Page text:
When the man's lawyer says he is not intimidated, Chas returns with his boys, Rosy (Meadows) and Dennis (Morton). Together, they gag the lawyer's chauffeur, cut his hair, and damage the lawyer's Rolls Royce. They then go after Joey Maddocks (Valentine), an East End resident Chas grew up with but now hates, forcing him into joining the “organization” and giving up control of his horse-betting parlor. Joey is happy to see Harry admonish Chas for not listening to him, calling him mockingly, the Lone Ranger. Harry's men pin down Chas and whip him, but somehow he gets free and fatally shoots Joey, an events that signals his downfall as now he's a man on the run from the gang and the police.
Chas finds shelter in the Notting Hill home of a once famous pop singer, Turner (Mick Jagger). A reclusive, Turner lives with two women in a strange m?©nage-a-trois of sexual relationships, the voluptuous Pherber (Anita Pallenberg) and the slender Lucy (Michele Breton). In Jagger's bohemian place, we witness head-trips, mind-screwing, and the merging of personalities and sexual characteristics, ideas that might have been influenced by Ingmar Bergman's masterpiece, “Persona” (1966).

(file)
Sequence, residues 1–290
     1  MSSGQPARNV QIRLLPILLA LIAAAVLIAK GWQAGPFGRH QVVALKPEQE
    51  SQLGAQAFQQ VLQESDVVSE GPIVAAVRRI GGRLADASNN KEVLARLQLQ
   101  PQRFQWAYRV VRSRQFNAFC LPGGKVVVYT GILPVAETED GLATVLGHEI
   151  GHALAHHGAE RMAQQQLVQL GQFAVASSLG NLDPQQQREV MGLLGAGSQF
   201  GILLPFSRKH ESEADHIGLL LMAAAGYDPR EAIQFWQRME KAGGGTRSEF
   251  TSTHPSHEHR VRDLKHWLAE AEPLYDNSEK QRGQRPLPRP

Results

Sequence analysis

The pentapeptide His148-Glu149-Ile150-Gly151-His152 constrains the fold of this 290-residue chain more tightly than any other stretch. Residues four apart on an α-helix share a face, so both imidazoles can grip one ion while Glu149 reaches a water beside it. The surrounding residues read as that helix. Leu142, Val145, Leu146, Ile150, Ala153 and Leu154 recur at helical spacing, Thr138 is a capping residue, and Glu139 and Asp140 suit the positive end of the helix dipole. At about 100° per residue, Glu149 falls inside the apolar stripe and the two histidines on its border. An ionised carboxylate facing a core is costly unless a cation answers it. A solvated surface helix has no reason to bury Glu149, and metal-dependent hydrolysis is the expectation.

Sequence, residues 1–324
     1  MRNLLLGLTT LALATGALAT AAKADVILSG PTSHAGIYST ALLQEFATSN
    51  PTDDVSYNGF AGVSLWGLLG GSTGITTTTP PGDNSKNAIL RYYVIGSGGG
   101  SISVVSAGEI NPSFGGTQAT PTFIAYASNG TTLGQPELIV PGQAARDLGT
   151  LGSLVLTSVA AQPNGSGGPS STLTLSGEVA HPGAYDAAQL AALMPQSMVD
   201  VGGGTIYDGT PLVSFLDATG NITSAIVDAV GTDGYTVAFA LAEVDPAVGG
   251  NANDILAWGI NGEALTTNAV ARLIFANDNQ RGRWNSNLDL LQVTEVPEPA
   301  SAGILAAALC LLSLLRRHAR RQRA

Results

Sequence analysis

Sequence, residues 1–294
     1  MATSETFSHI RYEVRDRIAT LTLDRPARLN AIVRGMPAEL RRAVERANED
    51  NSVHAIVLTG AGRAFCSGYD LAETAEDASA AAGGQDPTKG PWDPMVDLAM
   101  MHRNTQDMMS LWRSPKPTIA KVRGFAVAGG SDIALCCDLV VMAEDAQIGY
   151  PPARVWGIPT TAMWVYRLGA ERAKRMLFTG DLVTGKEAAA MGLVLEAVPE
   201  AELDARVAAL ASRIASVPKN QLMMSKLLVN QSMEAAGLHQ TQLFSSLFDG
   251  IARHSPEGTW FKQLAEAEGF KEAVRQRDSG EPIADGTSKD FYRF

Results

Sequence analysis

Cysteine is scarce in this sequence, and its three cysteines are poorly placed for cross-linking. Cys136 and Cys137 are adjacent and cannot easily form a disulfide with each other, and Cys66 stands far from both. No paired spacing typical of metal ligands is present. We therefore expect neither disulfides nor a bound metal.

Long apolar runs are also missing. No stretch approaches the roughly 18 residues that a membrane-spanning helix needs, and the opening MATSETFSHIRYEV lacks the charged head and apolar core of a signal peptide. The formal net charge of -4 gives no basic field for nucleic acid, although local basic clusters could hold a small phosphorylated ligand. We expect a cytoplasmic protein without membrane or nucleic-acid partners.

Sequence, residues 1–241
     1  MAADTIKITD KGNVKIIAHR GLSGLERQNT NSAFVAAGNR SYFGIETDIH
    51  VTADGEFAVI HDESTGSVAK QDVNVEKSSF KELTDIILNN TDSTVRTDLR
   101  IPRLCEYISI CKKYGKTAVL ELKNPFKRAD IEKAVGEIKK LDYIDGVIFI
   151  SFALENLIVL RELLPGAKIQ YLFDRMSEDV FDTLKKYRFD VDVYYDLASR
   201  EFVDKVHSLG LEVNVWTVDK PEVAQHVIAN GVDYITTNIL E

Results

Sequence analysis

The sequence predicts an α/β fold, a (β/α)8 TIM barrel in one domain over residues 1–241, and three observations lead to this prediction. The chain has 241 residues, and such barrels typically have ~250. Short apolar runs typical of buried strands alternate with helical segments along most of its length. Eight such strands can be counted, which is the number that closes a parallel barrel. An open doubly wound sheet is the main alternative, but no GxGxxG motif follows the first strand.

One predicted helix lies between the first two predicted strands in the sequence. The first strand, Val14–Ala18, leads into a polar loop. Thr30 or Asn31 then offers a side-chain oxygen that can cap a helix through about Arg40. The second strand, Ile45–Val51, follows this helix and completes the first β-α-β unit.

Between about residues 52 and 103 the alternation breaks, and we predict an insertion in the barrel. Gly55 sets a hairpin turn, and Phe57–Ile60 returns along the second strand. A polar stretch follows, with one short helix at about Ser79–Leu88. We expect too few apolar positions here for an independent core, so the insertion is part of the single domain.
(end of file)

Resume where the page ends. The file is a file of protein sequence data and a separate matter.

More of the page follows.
We observe the mesmerizing, deviant similarities between the two men. Each artist faces a major dilemma. Fox, who enjoyed his work profusely but didn't know when and how to stop, is now doomed, and Turner, borderline mad, might have lost his demonic muse for creativity. These two seemingly divergent personalities have similar impulses and demons. Soon, Jagger's Turner attempts to merge their personalities alchemically by feeding Fox's Chas with potent drugs, resulting in utter confusion about his masculinity and identity. Turner trades places with Chas, despite his knowledge that Chas is in serious danger of getting killed.
Chas thus embarks on a violent trip, under the hallucinogenic drugs, an occasion for display various, mesmerizing images of his past and present, and an opportunity to show Francis Bacon's homoerotic art work, which blurs reality and fantasy.